Lotium

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Lotium est urina apud Dyascoridem et in multis libris antiquis.


Apparatus:

Lotium (-tiũ B) ABC | Locium (-ciũ or –tiũ ms. e) ef

et om. AC


Translation:

Lotium is the word for urine in Dyascorides and also in many ancient books.


Commentary:

The word lotium, sometimes written loteum or luteum, is derived from the root *lau- "to bathe, wash"; it acquired the meaning "urine" - if we are to believe Isidorus - for the following reason: Qui humor {i.e. urina} vulgo lotium dicitur, quod eo lota, id est munda, vestimenta efficiantur - "This fluid {i.e. urine} is called lotium in folk-language because clothes are made lota {i.e. 'washed}, in other words, 'clean' by its use". (Etymologiae, 11, i, 138). N.b.: The most common method for cleaning clothes was until quite recently to use the urine of men or animals mixed with the water in which the clothes were washed.

Simon is right that the word lotium is frequently found in some ancient authors, often specified as to from which animal, whether the urine was to be old or fresh, and with humans especially from which sex, and from adult, virgin, boy or child. Apart from washing, urine was often used on its own or as an ingredient in medications for a wide variety of indications.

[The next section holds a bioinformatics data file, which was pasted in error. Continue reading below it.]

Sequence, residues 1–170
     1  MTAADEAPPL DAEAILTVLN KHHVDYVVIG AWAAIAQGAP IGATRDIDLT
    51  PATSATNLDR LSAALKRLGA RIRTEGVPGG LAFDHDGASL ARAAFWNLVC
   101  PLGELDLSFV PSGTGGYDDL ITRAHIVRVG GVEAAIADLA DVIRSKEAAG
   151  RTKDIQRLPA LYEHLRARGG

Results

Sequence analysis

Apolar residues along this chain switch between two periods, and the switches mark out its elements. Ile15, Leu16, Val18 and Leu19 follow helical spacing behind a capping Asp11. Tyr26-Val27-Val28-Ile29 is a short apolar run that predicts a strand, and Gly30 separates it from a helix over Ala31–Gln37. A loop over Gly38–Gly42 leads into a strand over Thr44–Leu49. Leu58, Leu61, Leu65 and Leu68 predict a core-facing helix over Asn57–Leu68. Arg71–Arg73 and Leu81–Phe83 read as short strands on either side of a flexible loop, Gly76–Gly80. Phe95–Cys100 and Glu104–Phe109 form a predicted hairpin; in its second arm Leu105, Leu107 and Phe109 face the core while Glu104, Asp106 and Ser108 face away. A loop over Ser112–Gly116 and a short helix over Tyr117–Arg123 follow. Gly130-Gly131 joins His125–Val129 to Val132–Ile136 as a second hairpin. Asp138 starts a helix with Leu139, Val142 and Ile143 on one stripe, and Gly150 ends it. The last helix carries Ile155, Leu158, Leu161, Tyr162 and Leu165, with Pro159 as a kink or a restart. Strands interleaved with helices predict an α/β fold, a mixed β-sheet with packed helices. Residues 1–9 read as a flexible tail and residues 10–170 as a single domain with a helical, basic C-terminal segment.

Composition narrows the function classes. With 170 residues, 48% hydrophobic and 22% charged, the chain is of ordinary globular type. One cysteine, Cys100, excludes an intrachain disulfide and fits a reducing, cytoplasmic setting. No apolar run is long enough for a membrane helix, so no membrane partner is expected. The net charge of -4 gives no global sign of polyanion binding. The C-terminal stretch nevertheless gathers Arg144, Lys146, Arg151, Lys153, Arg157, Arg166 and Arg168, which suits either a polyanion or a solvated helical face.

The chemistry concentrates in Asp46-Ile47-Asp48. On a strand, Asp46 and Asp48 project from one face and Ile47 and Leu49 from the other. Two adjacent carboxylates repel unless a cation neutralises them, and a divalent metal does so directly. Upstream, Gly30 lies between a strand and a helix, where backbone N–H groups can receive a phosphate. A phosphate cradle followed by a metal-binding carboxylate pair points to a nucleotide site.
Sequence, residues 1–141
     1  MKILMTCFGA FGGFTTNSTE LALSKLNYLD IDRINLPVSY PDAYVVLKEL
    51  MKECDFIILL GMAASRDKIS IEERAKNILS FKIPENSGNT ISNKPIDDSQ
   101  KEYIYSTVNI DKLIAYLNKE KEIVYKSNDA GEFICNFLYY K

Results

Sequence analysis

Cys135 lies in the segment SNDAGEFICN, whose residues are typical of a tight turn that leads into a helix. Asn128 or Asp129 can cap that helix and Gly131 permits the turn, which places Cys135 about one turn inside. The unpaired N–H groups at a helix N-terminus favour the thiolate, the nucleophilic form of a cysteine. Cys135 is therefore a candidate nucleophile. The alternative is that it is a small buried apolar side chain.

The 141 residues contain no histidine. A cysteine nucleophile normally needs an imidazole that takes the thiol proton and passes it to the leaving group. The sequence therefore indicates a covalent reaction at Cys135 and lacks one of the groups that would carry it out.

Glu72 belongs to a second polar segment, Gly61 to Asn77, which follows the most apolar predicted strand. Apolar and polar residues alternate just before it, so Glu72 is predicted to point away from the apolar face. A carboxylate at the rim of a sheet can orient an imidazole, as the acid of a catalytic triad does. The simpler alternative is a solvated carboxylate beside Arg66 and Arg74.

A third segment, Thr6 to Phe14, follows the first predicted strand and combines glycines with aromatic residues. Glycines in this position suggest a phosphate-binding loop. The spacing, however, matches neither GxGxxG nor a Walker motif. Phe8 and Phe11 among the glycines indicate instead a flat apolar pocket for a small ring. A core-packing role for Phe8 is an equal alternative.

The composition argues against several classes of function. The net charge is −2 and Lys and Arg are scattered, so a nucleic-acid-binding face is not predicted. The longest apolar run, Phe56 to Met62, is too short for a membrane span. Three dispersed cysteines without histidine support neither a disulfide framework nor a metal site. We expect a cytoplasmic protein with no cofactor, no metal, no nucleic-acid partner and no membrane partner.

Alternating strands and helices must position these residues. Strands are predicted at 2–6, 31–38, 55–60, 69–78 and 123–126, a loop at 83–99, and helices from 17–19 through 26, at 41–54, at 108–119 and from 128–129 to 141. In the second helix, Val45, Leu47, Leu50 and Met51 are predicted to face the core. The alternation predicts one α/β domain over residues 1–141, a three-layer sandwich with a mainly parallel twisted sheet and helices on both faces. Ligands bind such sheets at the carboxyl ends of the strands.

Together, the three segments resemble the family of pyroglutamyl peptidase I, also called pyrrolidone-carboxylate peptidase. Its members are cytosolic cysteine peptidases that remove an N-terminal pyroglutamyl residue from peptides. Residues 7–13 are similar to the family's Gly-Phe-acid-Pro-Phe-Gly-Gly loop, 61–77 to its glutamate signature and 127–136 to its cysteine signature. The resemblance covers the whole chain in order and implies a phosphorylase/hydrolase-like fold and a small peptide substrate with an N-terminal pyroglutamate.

Lotium is first recorded as early as in Cato's De agri cultura, ca. 200 BC, where the word urina does not occur; cf. CXXII. Vinum concinnare, si lotium difficilius transibit - "To blend a wine {as a remedy} if it is very difficult to pass urine"), et passim.

In late Antiquity lotium is documented in a number of authors:

- e.g. in the Mulomedicina Chironis, 4th c. AD?: per triduo dabis ex loteo virginis per triduum eminas "for 3 days you will give a "hemina" {of liquid} from the urine of a virgin" 27, ed. Oder (1901: 20); et passim;

- Also Marcellus Empiricus, ca. 400 AD, De medicamentis liber, in recipes requiring a variety of animals' and humans' urine;

- Also in Dioscorides Longobardus, 6th c. AD, 2, 64, ed. Stadler (1899) De lotium humanum {"On human urine"}, translating the Greek original, cf. 2, 81, ed. Wellmann (1906-14: I.81). beginning with οὖρον ἀνθρώπου τὸ ίδιον /oûron anthrṓpou tò ídion/ {"a man's own urine"}, et passim;

- Also in Sextus Placitus Papyrensis, 6th c. AD, lotium is used almost exclusively.

However, in all these books urina occurs as well, and in a number of books of late Antiquity urina is used exclusively, e.g. Ps-Dioscorides: De herbis femininis, Ps.-Apuleius: Herbarius.

Ironically, lotium - in spite of its popularity in Isidore's days, ca. 700 AD - did not survive well into the Romance languages but clings to a marginal existence in some mainly Italian dialects; cf. Meyer-Lübke (1924: 415f.), item 5129.

The word was obviously no longer in common usage with the meaning "urine" in Simon's days, which is why he must have included it, characterising it as occurring in "many ancient book".

Latham (1973) mentions s.v. lot/io the form lotium "water used for washing", the word either having preserved or having reverted to its original meaning.

Similarly du Cange (1883-87) defines it as: Aqua, unde aliquid lavatum est {"water, in which something is washed"}

Wilf Gunther 15/12/13


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